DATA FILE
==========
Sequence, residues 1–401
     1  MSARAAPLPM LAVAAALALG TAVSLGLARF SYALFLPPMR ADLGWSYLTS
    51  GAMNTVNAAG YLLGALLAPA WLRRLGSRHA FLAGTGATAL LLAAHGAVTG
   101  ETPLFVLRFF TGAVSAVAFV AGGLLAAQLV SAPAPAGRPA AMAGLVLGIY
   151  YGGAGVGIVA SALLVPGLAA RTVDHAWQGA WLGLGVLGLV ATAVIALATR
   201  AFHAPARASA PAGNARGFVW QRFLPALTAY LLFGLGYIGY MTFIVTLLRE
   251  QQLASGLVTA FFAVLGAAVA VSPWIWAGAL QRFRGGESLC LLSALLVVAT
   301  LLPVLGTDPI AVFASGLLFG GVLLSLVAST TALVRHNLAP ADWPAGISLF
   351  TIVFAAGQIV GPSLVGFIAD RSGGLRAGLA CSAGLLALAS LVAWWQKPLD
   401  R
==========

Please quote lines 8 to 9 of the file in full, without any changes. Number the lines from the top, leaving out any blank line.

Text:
   301  LLPVLGTDPI AVFASGLLFG GVLLSLVAST TALVRHNLAP ADWPAGISLF
   351  TIVFAAGQIV GPSLVGFIAD RSGGLRAGLA CSAGLLALAS LVAWWQKPLD